How do you make sense of that?
For me, it is important for me to honor where I have been. I wouldn't be the human being I am today without that congregation – without my family. I had to learn – and am still learning – how to appreciate them and how to honor the role they played in making me the human I am today.
When did you realize about your sexuality?
I was aware very early on. I remember coming home from elementary school one evening, saying, “Mom, I think I'm gay.” She asked what I meant by that. A conversation could have started then, but it didn’t. Rather, my family prayed over me. Which is all they knew to do. Even though they had good intentions, that caused me to repress my sexuality for years. That could have been my coming out moment and I could have lived into that reality from the age 5 or 6. But then I wouldn't be who I am today.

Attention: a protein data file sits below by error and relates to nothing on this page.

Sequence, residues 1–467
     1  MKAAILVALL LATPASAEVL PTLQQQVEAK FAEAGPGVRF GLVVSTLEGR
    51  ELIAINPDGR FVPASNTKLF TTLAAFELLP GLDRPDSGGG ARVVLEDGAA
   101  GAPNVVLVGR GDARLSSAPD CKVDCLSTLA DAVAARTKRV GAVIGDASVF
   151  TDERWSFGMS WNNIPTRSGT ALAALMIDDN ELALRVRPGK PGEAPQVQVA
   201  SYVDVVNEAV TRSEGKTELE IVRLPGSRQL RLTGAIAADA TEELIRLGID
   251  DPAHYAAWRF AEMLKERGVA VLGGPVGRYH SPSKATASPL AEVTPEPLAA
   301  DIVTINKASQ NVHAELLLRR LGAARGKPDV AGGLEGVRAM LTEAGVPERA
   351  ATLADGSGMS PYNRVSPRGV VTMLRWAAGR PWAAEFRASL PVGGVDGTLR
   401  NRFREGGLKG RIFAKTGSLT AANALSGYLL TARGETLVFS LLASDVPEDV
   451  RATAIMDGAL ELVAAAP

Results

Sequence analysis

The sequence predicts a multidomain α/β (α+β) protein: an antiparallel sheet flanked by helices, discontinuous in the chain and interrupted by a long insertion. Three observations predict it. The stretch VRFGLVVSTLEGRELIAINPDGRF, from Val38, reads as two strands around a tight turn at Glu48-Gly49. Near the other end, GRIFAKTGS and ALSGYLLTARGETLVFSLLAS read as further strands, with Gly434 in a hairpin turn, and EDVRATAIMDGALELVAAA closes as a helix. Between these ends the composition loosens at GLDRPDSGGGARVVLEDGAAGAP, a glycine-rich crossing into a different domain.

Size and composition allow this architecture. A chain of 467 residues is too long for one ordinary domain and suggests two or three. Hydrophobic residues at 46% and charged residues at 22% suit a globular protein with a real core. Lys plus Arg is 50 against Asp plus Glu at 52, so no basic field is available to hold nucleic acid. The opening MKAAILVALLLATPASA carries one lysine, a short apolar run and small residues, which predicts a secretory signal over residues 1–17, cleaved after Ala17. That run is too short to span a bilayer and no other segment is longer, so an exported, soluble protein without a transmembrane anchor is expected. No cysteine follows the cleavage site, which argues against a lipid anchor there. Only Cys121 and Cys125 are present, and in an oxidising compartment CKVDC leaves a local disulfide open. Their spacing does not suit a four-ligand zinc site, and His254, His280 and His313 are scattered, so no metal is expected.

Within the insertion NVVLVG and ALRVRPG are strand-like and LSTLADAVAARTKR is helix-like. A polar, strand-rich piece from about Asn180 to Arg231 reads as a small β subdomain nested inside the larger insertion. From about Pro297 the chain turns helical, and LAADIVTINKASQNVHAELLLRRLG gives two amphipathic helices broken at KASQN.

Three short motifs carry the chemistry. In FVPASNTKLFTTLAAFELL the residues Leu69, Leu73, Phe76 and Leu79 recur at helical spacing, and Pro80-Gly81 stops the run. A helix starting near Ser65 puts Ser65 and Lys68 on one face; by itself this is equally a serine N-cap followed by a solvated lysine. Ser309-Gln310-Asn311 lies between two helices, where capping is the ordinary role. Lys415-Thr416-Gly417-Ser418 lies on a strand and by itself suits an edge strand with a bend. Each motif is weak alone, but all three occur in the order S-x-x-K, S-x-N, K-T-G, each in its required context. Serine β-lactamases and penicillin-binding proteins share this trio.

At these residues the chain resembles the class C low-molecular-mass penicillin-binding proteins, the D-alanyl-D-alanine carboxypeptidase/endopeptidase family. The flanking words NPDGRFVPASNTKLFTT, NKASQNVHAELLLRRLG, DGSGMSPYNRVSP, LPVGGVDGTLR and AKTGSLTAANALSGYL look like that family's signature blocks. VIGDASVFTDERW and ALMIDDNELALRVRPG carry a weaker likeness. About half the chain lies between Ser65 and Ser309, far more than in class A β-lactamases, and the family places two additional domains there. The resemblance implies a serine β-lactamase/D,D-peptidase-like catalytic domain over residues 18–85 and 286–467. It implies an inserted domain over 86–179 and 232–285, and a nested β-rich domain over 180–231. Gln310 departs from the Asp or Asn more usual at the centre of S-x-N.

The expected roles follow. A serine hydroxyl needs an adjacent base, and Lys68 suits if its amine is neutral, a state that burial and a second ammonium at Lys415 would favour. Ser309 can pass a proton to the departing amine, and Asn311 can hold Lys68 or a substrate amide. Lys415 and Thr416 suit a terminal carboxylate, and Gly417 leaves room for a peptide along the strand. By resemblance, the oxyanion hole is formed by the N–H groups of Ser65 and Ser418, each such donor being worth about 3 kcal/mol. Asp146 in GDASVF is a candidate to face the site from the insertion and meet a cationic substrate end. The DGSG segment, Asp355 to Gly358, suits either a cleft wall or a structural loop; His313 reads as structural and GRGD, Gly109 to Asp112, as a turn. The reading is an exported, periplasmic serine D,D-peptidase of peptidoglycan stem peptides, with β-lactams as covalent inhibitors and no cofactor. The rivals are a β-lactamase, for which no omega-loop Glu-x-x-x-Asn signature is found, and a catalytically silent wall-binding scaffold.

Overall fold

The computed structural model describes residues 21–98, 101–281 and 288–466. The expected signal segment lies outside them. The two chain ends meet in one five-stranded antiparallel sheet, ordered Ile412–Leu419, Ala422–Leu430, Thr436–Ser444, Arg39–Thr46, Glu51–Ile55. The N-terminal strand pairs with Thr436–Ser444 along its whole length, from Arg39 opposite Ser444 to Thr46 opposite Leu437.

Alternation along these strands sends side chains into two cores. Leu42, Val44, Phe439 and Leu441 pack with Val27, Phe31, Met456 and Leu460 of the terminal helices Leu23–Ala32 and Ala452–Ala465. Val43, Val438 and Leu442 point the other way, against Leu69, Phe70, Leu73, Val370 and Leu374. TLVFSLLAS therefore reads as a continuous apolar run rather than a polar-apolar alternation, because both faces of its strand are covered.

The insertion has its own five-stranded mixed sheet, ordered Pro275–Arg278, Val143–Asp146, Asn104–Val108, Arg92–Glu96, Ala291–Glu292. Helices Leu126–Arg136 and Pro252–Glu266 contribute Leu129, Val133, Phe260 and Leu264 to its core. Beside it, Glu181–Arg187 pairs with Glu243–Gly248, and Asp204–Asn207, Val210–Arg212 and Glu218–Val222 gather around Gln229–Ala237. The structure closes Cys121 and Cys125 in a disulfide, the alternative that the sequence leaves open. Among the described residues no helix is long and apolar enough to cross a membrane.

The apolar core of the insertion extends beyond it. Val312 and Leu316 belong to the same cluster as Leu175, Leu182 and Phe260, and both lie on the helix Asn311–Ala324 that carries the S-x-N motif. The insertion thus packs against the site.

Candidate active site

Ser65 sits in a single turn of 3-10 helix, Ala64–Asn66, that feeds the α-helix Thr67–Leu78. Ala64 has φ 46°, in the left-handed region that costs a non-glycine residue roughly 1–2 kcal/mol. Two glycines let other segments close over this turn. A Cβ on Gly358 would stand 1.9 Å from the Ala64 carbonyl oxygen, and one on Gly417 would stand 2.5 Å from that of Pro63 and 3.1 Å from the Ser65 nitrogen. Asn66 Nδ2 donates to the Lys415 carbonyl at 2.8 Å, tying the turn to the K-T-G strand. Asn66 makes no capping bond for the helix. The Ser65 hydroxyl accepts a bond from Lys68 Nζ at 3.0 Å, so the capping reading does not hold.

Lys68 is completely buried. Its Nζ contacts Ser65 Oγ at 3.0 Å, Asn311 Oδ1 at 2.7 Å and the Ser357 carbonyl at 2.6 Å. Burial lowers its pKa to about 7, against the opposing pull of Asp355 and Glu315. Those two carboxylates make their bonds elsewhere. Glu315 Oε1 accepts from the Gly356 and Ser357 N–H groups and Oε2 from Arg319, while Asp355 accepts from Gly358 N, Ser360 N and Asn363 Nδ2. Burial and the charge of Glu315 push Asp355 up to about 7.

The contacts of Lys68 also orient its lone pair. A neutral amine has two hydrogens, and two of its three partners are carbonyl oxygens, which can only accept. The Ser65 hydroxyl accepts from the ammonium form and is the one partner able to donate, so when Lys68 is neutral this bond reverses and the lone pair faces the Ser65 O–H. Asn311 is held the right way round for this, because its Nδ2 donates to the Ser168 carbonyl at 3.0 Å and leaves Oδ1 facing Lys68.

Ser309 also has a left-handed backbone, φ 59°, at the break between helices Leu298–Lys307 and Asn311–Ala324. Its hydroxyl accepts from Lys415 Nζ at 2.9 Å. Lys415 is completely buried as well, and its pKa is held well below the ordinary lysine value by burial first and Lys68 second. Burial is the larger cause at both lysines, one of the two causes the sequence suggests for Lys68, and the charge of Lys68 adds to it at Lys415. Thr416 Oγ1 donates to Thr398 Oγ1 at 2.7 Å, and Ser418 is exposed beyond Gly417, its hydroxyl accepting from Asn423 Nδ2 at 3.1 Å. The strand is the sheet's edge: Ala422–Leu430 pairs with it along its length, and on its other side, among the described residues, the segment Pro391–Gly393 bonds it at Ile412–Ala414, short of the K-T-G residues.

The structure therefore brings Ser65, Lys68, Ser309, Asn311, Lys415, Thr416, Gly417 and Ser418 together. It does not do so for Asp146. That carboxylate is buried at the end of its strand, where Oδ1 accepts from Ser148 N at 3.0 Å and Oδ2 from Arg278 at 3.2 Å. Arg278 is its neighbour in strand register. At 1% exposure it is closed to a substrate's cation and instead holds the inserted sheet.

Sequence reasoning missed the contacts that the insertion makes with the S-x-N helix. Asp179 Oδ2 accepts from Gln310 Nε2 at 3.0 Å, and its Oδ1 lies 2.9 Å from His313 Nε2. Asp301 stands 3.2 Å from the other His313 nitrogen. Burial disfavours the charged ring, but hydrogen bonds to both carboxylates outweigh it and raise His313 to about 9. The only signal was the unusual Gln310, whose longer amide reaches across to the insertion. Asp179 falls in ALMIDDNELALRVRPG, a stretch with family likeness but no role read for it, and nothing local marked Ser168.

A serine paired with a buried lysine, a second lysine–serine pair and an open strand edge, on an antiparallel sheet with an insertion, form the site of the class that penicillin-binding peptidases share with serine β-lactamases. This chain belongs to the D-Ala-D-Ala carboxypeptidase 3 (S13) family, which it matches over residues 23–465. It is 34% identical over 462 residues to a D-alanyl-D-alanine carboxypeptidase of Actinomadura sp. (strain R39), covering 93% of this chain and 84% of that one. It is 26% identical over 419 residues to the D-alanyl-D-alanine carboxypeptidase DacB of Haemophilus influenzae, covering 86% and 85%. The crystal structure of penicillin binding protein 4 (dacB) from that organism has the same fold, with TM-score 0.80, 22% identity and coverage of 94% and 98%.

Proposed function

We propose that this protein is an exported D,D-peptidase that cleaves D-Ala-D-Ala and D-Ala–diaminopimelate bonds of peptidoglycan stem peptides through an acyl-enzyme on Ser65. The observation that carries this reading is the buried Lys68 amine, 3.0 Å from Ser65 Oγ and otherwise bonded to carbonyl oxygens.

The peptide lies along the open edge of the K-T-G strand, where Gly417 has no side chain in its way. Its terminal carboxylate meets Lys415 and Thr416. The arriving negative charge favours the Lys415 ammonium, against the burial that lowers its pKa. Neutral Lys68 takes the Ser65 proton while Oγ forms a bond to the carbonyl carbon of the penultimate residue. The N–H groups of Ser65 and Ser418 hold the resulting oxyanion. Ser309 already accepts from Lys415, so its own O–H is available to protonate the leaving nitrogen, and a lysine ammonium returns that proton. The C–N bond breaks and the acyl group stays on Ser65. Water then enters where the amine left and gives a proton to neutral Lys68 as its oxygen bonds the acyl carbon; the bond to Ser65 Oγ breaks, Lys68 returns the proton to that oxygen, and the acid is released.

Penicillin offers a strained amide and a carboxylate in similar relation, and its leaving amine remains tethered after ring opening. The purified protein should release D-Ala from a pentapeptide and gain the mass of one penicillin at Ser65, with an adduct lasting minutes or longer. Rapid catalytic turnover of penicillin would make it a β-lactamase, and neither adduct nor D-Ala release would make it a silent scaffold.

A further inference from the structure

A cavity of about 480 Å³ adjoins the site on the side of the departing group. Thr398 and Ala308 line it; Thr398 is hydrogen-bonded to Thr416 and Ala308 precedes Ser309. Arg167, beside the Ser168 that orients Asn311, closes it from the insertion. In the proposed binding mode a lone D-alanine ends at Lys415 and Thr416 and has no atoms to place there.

Now, I’ve lived into my pastoral identity. And we have a serious need for openly gay clergy in the church. People need examples of individuals who are fully themselves and fully love God. I didn’t have that example early on, and I don’t want that to be the case for people who come after me.
How did you come out?
Initially I told 10 friends who were close to me. I made it a Lenten process. Lent is an important season for me. It is a season of pruning away your old self. For me, that meant, dying to a false hetero-sexual identity and awakening to authenticity and a truer sense of self. So, when I started to tell people, I wanted to normalize the coming out process. I didn’t want formal meetings. So, everyone thought I was joking at first, but I wanted to tell them in unique and expressive ways.
I came out over email to my housemates. I was going to be a judge at a talent show and I had friends coming into town and wanted to let my housemates know. So, I drafted an email telling them I’d clean up and to give them a heads up. I ended with “P.S., I'm gay.” “P.S.S., This isn't a joke.” It was April Fools Day. They immediately called me and I said "I'm serious as a heart attack but I'm going to go judge a talent show. We'll talk later."
Another time was over dinner with someone that I’d tried to date. I said, “Oh hey one more thing, I’m gay and I’m living into that now. Do you want more queso?” She stopped and asked “What?” I said, “Do you want more queso?”